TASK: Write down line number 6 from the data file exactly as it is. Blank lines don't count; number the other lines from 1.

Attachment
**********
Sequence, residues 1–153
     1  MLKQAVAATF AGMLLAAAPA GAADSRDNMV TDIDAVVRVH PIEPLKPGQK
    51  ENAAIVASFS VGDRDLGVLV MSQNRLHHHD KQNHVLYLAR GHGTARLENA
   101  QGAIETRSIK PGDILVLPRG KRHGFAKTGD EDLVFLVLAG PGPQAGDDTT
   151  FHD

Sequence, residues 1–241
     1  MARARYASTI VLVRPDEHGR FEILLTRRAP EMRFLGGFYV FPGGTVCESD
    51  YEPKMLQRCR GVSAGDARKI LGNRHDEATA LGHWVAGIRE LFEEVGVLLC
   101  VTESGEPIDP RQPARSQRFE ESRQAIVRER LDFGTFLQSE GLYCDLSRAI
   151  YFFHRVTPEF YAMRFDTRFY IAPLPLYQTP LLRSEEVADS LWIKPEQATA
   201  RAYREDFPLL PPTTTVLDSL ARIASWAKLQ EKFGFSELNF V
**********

Sequence, residues 1–241